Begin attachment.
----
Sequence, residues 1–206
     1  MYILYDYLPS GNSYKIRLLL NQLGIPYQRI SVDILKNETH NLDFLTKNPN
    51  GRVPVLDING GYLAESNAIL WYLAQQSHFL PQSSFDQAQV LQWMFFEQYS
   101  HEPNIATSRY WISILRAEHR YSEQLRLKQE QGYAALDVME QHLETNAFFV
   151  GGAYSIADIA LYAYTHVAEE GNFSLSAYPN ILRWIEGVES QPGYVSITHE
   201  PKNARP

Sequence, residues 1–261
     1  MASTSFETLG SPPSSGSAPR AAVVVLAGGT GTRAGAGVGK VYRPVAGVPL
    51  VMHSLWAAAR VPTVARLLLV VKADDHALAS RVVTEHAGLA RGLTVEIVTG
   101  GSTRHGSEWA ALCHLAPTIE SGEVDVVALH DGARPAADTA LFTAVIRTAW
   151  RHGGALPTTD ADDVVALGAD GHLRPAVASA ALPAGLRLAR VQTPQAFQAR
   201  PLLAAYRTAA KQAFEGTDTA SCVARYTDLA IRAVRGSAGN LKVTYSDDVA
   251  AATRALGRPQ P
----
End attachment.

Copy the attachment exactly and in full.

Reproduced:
Sequence, residues 1–206
     1  MYILYDYLPS GNSYKIRLLL NQLGIPYQRI SVDILKNETH NLDFLTKNPN
    51  GRVPVLDING GYLAESNAIL WYLAQQSHFL PQSSFDQAQV LQWMFFEQYS
   101  HEPNIATSRY WISILRAEHR YSEQLRLKQE QGYAALDVME QHLETNAFFV
   151  GGAYSIADIA LYAYTHVAEE GNFSLSAYPN ILRWIEGVES QPGYVSITHE
   201  PKNARP

Sequence, residues 1–261
     1  MASTSFETLG SPPSSGSAPR AAVVVLAGGT GTRAGAGVGK VYRPVAGVPL
    51  VMHSLWAAAR VPTVARLLLV VKADDHALAS RVVTEHAGLA RGLTVEIVTG
   101  GSTRHGSEWA ALCHLAPTIE SGEVDVVALH DGARPAADTA LFTAVIRTAW
   151  RHGGALPTTD ADDVVALGAD GHLRPAVASA ALPAGLRLAR VQTPQAFQAR
   201  PLLAAYRTAA KQAFEGTDTA SCVARYTDLA IRAVRGSAGN LKVTYSDDVA
   251  AATRALGRPQ P